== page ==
• Later, in the economic crisis of the 1930’s, when Scottish society sought to blame the continued presence of immigrant workers, however long established, for widespread economic depression, many Lithuanian men changed their names and concealed their ethnic identity to gain employment.


Internal struggles
Internal struggles denominations

  • The Lithuanian struggle to gain acceptance in the work place was mirrored in their struggle to retain their own cultural expression of Catholicism within a predominantly ‘Irish’ Catholic church (O’Donnell, 1998, 2000)

  • In 1898 Lithuanian priest, resided in a parish in the Archdiocese ofGlasgow and ministered to the widespread Lithuanian settlements (1998, pp. 171-175).

  • This was funded by the Lithuanians themselves. They paid church dues twice


Internal struggles1
Internal struggles denominations

  • The priests helped retain a sense of Lithuanian identity – the services celebrated in Lithuanian combined with the language classes helped to promote the language.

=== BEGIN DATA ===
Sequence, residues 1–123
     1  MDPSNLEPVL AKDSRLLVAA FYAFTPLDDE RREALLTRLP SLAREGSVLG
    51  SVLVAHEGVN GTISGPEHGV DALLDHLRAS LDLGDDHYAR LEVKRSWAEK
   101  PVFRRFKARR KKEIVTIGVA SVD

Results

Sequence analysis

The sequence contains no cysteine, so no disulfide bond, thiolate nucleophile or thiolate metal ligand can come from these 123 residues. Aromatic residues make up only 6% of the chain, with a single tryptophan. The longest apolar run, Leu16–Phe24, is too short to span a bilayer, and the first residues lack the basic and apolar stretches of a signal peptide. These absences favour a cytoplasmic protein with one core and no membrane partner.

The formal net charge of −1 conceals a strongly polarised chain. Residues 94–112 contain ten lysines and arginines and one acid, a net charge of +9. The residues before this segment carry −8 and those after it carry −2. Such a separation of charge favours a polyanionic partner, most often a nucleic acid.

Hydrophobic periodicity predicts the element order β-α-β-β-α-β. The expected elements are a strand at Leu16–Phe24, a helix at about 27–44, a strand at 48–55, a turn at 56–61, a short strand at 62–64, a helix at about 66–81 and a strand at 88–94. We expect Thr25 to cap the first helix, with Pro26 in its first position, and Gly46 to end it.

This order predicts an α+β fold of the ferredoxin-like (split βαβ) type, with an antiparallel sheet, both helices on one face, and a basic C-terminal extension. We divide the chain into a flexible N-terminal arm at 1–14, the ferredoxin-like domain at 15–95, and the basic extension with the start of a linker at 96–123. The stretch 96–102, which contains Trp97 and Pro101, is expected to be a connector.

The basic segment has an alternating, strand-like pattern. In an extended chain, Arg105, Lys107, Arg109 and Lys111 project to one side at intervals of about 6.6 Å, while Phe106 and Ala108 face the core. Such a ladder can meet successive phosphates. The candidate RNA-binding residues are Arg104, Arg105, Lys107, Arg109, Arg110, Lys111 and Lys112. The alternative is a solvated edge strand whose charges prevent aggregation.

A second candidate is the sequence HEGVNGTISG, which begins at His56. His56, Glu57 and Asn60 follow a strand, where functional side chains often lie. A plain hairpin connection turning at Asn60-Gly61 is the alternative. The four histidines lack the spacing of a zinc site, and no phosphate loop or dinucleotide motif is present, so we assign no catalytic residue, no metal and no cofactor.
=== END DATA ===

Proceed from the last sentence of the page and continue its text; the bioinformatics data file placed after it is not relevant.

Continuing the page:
• The Lithuanians petitioned for a Lithuanian Church in Bellshill – a request which was refused on a number of grounds

  • The Lithuanians were small in number and not perceived as a permanent community;

  • The Archdiocese of Glasgow may have regarded the Lithuanians as a threat to unity (1998, pp.176-183).


Lithuanian
Lithuanian denominations

  • O‘Donnell suggests that a Lithuanian church would have helped preserve language, culture and identity:

  • …it seems fairly obvious that the institutional Catholic Church in the West of Scotland had little sympathy for the ethnic aspirations and outlook of the Lithuanians.